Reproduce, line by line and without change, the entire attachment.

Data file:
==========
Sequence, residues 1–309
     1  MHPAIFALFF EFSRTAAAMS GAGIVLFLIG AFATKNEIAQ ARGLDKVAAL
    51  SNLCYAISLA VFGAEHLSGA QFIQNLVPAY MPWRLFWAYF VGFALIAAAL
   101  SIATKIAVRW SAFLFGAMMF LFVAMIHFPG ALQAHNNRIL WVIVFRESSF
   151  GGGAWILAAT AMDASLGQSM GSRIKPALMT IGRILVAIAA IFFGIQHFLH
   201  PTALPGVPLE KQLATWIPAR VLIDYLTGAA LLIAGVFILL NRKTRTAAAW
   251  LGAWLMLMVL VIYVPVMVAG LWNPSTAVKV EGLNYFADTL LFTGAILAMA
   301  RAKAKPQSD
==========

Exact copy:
Sequence, residues 1–309
     1  MHPAIFALFF EFSRTAAAMS GAGIVLFLIG AFATKNEIAQ ARGLDKVAAL
    51  SNLCYAISLA VFGAEHLSGA QFIQNLVPAY MPWRLFWAYF VGFALIAAAL
   101  SIATKIAVRW SAFLFGAMMF LFVAMIHFPG ALQAHNNRIL WVIVFRESSF
   151  GGGAWILAAT AMDASLGQSM GSRIKPALMT IGRILVAIAA IFFGIQHFLH
   201  PTALPGVPLE KQLATWIPAR VLIDYLTGAA LLIAGVFILL NRKTRTAAAW
   251  LGAWLMLMVL VIYVPVMVAG LWNPSTAVKV EGLNYFADTL LFTGAILAMA
   301  RAKAKPQSD